Wind Plant Performance with Age in the United States
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To accurately predict lifetime energy output for wind plants one must account for performance changes overtime. A number of studies have investigated the lifetime performance of wind plants in several European countries, showing measurable declines in performance as plants age. However, the results vary by country and involve differing vintages of plants. This research is the first to quantify performance with age across the U.S. wind fleet, and is based on analyzing the generation records and wind resources of over 900 wind projects. On average, the U.S. fleet saw performance declines that were similar to those found in Europe. However, a key finding was that newer plants (those less than 10 years of age) show significantly less performance decline compared to the performance of older plants during their first 10 years of age. Additional links between plant characteristics and performance were explored, with the strongest evidence highlighting the link between performance and the Production Tax Credit (performance declines after the expiration of the tax credit). Overall, these results indicate that operators have some control over performance and that newer plants have been able to more effectively employee strategies to mitigate performance decline.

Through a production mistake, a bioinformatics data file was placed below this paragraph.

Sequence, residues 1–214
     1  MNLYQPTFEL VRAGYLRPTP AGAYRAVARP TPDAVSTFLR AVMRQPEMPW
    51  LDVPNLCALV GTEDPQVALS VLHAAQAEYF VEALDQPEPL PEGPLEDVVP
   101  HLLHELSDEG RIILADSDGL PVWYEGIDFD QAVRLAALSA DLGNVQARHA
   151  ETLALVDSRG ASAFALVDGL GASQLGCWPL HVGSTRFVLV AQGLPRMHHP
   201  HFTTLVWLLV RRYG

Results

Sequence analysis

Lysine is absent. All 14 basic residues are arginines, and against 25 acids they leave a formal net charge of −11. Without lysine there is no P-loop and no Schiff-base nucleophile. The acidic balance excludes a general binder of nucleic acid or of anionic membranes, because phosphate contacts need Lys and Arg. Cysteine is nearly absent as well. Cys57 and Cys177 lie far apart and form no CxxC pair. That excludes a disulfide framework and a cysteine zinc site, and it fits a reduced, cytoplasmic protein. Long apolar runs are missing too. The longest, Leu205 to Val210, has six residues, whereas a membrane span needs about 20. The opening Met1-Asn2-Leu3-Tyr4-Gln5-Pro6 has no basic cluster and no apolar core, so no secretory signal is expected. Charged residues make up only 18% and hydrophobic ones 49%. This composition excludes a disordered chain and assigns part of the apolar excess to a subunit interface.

Featured Speaker: Dev Millstein, Research Scientist, Lawrence Berkeley National Laboratory
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